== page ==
But the Pope didn’t stop there.  He went on to express the surprising conclusion that the Big Bang proved the existence of God: 

Thus, with that concreteness which is characteristic of physical proofs, [science] has confirmed the contingency of the universe and also the well-founded deduction as to the epoch when the world came forth from the hands of the Creator.  Hence, creation took place.  We say: therefore, there is a Creator.  Therefore, God exists! 

 

So this problem goes back to way before Craig.

 

It's a false scent that started about as far back as the original BBT was conceived by a Catholic Priest. Einstein and others picked up on something that was initially conceived of by a Catholic Priest (for those who are not aware of the origins and history of the BBT): https://www.amnh.org/learn-teach/curriculum-collections/cosmic-horizons-book/georges-lemaitre-big-bang

 

 

Quote

A year later, Lemaître explored the logical consequences of an expanding universe and boldly proposed that it must have originated at a finite point in time. If the universe is expanding, he reasoned, it was smaller in the past, and extrapolation back in time should lead to an epoch when all the matter in the universe was packed together in an extremely dense state. Appealing to the new quantum theory of matter, Lemaître argued that the physical universe was initially a single particle—the “primeval atom” as he called it—which disintegrated in an explosion, giving rise to space and time and the expansion of the universe that continues to this day. This idea marked the birth of what we now know as Big Bang cosmology.

 

 

This history of the BBT is relevant to the discussion and how a modern apologist like WLC came along and tried to further what had been going on since the beginning of the theory itself. Lemaitre tried to keep cosmology and religion separate in statements that he made, but I'm sure that sub consciously it's no coincidence that his cosmological ideas matched "creation ex nihilo." And it's not hard to see how Pope Pius XII came in behind all of this claiming a win for the bible. 

 

So what we're discussing here has far, far reaching implications reaching all the way back to the beginning of the theory itself with it's connections to the Vatican. After all of these years of trying and failing, they are still failing at hammering down a reconciliation between christianity and cosmology! And WLC is nothing more than the current loser in this old process of trying to firm up a reconciliation between biblical "creation ex nihilo" and secular cosmology.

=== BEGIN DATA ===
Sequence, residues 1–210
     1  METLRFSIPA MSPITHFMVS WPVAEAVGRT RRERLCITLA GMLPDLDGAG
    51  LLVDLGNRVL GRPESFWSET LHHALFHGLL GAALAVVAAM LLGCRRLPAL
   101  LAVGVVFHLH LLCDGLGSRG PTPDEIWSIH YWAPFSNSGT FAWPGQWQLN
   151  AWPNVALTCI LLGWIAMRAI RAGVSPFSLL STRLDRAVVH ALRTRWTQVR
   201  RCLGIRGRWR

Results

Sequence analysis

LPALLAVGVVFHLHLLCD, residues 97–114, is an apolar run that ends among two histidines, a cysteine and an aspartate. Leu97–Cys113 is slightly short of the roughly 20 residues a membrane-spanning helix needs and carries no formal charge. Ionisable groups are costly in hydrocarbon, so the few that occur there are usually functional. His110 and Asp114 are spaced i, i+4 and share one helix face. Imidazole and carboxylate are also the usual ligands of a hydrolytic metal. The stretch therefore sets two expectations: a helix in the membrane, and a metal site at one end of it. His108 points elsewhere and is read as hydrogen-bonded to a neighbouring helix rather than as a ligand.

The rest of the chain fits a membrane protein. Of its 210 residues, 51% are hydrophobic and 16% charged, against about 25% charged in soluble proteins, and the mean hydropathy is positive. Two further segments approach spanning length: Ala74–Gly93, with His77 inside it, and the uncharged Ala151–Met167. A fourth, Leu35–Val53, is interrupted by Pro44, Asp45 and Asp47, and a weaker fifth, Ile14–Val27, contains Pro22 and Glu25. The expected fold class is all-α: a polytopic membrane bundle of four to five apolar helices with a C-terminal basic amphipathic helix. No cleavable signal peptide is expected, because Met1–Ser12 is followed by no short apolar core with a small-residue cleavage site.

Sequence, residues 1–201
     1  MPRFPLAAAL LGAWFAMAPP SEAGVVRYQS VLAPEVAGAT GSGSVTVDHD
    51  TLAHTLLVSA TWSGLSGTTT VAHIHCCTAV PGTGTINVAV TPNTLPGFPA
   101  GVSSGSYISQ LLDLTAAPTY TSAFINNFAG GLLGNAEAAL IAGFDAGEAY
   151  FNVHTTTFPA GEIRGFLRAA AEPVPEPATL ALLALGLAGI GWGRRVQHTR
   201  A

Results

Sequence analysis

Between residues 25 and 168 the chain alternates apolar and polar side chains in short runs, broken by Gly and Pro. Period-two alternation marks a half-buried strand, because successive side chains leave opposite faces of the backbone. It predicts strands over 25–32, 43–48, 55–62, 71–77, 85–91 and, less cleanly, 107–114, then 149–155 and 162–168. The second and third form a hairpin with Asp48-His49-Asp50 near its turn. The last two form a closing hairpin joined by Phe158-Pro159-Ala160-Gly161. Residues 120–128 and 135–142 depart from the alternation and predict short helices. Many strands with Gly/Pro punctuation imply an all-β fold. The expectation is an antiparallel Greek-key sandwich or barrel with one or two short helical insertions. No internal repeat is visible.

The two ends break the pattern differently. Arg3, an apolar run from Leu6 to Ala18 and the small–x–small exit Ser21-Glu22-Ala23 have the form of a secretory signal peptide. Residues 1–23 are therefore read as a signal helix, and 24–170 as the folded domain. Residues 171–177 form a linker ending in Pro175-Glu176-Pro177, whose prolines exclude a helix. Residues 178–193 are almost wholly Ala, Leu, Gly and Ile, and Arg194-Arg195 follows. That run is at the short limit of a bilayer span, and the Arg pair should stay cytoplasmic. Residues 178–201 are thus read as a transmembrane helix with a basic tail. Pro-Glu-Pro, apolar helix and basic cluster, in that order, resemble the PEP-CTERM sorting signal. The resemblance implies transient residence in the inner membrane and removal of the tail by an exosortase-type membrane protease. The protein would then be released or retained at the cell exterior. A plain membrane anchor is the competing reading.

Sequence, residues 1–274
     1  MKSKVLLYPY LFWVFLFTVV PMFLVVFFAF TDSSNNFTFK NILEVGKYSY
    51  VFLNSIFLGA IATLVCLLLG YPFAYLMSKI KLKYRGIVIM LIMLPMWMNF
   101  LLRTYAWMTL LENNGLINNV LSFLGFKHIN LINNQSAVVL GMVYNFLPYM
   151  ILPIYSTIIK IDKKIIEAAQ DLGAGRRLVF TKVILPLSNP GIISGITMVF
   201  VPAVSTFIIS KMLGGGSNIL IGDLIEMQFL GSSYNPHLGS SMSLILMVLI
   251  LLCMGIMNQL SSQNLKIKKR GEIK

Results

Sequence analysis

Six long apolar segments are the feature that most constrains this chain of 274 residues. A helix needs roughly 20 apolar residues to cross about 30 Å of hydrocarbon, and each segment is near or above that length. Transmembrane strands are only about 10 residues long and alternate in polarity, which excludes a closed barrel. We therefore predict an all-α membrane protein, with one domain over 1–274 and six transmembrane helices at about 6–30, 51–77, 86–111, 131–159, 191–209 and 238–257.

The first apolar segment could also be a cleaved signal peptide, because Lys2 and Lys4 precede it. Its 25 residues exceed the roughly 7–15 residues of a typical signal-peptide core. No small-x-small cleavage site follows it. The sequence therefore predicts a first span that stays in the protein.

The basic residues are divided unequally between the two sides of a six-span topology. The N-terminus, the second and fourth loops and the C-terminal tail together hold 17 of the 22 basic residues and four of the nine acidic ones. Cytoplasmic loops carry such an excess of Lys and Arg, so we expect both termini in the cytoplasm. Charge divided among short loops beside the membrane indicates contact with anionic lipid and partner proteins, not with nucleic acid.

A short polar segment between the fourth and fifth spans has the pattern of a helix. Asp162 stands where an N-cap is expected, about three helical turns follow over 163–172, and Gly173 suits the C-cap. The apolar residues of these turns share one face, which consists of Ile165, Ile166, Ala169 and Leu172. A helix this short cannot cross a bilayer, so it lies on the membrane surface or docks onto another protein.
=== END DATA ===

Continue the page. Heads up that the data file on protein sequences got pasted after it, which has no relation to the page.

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Good call, Josh.  :)

 

Yes, the historical perspective of BBT is absolutely relevant to this thread. Many thanks for giving us an overview of the Catholic position on it.  As I see it, the controversy centres on what both Craig and the Pope are calling, 'proof'.  In this thread I've focused tightly on the Hawking - Penrose singularity theory of 1970, because that's the one paper that Craig relies on to give him that 'proof'.  And, as we've seen, it's anything but the cast-iron proof he claims it is.

 

Btw Josh, in a little while we'll examine two more items that throw a harsh spotlight on Craig's claims.  The first will cover why the very earliest phases of the universe's evolution have never been directly observed, forcing scientists to theorize about it using inference and assumption.  Just as Hawking and Penrose did in their singularity paper.  But, if you can observe something, then you don't need to theorize about what it is - you can see it for yourself.  But since we can't observe the very first instants of the universe, theorizing and inferring and assuming are all we have.  How the hell a bona fide proof can be claimed, without observations and data is quite beyond me! 

 

This brings me on to the second item and I'm hoping that Disillusioned can help us out here.  He's keen to hear what I've got to say about the philosophical underpinnings of science.  Six months ago, on a whim, I ventured into a second-hand bookshop and bought this.  A Short History of Truth: Consolations for the Post-Truth World.  By Julian Baggini.  2017, by Quercus Editions Ltd.  https://www.amazon.co.uk/Short-History-Truth-Consolations-Post-Truth/dp/1786488884